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April 21, 2014 / 21 Nisan, 5774
At a Glance

Posts Tagged ‘murder’

Kansas Shooting Suspect a White Supremacist, Indicted for Murder

Wednesday, April 16th, 2014

The Missouri-born suspect charged in a pre-Passover shooting spree that left three dead outside two Kansas Jewish centers is a known white supremacist, media report.

Frazier Glenn Cross (aka Frazier Glenn Miller), 73, was charged with one count of first degree premeditated murder and one count of capital murder in connection with the shootings that took place on Sunday near Kansas City, Kansas.  He had three weapons in his possession when he was taken into custody on Sunday, according to police, after shooting at five people, none of whom he knew.

Of those, 14-year-old Reat Griffin Underwood and his grandfather, family practitioner Dr. William Lewis Corporon, 69, were both Methodists. Reat was heading for an audition for a play to be held at the Jewish community center. Occupational therapist Terri LaManno, 53, a Roman Catholic, was on the way to visit her mother at the assisted living center.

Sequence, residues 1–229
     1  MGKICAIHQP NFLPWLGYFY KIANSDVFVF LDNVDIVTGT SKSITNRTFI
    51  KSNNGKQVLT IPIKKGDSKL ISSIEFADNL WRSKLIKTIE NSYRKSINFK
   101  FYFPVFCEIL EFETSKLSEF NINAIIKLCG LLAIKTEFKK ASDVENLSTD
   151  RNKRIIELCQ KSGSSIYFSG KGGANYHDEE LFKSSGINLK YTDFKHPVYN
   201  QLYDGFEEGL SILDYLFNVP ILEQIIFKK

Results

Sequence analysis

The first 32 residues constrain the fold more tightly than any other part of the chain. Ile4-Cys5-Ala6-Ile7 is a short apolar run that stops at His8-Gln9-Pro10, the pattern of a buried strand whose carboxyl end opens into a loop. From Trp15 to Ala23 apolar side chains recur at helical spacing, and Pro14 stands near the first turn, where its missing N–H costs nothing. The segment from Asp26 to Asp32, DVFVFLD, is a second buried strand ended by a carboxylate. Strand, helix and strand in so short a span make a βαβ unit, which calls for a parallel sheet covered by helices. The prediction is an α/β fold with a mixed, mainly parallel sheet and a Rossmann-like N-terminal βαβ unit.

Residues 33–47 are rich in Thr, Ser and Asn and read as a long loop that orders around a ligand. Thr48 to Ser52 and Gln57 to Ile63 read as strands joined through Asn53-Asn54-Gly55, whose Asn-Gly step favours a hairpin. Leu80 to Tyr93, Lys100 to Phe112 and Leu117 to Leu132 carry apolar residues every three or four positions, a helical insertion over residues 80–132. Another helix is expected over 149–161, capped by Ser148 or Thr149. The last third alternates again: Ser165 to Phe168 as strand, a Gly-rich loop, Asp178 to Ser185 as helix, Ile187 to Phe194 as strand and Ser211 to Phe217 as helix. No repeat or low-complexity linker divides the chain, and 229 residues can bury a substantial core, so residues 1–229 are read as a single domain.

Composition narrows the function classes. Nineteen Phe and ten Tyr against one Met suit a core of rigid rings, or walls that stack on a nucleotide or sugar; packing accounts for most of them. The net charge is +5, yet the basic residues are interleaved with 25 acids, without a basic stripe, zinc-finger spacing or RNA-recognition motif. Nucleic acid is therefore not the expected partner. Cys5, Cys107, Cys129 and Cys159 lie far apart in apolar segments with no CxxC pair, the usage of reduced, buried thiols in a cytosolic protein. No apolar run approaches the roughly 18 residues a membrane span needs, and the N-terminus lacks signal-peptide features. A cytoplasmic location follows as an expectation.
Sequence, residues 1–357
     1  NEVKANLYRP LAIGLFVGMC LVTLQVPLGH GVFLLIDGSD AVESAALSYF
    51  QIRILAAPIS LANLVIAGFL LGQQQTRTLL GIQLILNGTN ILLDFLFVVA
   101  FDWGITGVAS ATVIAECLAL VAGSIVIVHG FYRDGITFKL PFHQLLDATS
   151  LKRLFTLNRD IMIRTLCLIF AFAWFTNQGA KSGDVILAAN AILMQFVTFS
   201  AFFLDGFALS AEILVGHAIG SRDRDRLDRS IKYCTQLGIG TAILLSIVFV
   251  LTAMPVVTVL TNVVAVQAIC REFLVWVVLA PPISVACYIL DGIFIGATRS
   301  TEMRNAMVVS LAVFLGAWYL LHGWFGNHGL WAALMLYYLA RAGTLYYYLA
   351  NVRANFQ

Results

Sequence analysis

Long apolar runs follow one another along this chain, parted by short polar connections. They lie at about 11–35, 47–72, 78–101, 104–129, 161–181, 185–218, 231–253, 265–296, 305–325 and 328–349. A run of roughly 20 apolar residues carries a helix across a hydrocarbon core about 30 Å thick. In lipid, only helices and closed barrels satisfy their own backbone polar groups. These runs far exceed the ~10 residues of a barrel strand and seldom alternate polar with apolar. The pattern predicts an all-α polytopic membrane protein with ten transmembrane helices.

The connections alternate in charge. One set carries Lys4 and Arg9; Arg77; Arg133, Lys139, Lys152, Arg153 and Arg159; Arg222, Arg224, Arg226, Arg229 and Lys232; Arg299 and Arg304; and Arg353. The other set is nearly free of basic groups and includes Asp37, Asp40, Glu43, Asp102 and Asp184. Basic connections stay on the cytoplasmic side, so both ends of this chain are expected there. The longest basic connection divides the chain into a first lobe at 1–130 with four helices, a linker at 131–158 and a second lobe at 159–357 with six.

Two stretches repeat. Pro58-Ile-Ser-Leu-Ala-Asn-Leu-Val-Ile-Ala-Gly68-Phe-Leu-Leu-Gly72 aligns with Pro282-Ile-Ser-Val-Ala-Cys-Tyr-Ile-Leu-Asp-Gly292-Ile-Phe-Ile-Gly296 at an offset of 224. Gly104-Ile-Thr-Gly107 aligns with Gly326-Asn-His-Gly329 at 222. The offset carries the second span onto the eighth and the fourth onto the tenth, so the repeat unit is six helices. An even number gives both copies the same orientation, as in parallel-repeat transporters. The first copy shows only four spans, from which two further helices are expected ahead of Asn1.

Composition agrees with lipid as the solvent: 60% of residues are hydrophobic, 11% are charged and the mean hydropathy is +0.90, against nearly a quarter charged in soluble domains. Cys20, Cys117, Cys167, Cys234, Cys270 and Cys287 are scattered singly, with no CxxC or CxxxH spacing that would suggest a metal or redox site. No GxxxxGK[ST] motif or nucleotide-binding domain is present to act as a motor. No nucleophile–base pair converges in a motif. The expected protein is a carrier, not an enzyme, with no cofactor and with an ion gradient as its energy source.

Police investigators say the shooter’s actions were “unquestionably determined” to be a hate crime,” Overland Park Police Chief John Douglass told reporters. While sitting in the back of a police vehicle after his arrest, Cross was seen in a video filmed by CNN affiliate KMBC shouting, “Heil Hitler!”

Those who know Cross told CNN that he has ‘made no secret of his racist views, writing letters to newspapers and inviting people to white supremacist meetings at his home.’

The Southern Poverty Law Center (SPLC) watchdog organization reported that Cross was the founder and former ‘Grand Dragon’ of the Carolina Knights of the Ku Klux Klan, and the paramilitary White Patriot Party.